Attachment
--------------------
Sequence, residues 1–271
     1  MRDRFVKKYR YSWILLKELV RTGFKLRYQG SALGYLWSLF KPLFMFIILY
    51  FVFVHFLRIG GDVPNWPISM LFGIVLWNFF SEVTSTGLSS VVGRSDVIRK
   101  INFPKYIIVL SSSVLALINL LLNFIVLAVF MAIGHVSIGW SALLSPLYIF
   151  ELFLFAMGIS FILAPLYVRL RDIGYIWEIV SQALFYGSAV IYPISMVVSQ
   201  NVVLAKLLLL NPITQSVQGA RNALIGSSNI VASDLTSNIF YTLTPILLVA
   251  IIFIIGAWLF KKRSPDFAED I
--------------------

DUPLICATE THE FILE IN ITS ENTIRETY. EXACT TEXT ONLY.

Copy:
Sequence, residues 1–271
     1  MRDRFVKKYR YSWILLKELV RTGFKLRYQG SALGYLWSLF KPLFMFIILY
    51  FVFVHFLRIG GDVPNWPISM LFGIVLWNFF SEVTSTGLSS VVGRSDVIRK
   101  INFPKYIIVL SSSVLALINL LLNFIVLAVF MAIGHVSIGW SALLSPLYIF
   151  ELFLFAMGIS FILAPLYVRL RDIGYIWEIV SQALFYGSAV IYPISMVVSQ
   201  NVVLAKLLLL NPITQSVQGA RNALIGSSNI VASDLTSNIF YTLTPILLVA
   251  IIFIIGAWLF KKRSPDFAED I